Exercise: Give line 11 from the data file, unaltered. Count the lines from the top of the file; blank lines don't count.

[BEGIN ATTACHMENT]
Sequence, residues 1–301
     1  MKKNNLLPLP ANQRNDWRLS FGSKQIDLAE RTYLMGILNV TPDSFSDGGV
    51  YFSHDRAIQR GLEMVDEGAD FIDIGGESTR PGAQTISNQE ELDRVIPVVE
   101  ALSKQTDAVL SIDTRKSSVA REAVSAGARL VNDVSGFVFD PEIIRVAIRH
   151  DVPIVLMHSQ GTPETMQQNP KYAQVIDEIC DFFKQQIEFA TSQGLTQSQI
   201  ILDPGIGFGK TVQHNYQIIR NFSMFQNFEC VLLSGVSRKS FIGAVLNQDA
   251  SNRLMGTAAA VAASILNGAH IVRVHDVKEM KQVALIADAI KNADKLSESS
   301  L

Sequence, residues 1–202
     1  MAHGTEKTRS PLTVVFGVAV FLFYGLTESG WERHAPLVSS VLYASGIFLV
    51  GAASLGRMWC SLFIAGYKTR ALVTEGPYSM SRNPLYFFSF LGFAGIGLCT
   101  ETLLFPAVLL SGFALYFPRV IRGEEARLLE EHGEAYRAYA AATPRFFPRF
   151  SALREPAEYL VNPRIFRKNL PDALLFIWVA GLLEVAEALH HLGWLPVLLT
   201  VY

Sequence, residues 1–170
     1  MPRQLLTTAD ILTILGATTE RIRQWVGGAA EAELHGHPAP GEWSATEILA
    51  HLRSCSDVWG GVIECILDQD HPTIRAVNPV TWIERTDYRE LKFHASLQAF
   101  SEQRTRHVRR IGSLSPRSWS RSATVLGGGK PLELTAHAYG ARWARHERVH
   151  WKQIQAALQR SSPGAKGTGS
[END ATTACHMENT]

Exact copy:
    51  GAASLGRMWC SLFIAGYKTR ALVTEGPYSM SRNPLYFFSF LGFAGIGLCT